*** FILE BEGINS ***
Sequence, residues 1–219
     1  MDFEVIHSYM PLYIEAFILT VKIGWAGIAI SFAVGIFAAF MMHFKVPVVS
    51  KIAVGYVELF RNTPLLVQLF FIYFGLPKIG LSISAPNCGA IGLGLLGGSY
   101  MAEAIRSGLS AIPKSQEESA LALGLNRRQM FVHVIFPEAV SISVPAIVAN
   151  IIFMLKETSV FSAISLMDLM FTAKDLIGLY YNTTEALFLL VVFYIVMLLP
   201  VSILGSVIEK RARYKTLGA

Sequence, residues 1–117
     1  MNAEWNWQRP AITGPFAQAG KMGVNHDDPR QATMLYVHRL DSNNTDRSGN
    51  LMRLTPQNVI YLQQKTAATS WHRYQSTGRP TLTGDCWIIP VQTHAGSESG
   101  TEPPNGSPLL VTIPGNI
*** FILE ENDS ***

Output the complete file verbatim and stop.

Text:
Sequence, residues 1–219
     1  MDFEVIHSYM PLYIEAFILT VKIGWAGIAI SFAVGIFAAF MMHFKVPVVS
    51  KIAVGYVELF RNTPLLVQLF FIYFGLPKIG LSISAPNCGA IGLGLLGGSY
   101  MAEAIRSGLS AIPKSQEESA LALGLNRRQM FVHVIFPEAV SISVPAIVAN
   151  IIFMLKETSV FSAISLMDLM FTAKDLIGLY YNTTEALFLL VVFYIVMLLP
   201  VSILGSVIEK RARYKTLGA

Sequence, residues 1–117
     1  MNAEWNWQRP AITGPFAQAG KMGVNHDDPR QATMLYVHRL DSNNTDRSGN
    51  LMRLTPQNVI YLQQKTAATS WHRYQSTGRP TLTGDCWIIP VQTHAGSESG
   101  TEPPNGSPLL VTIPGNI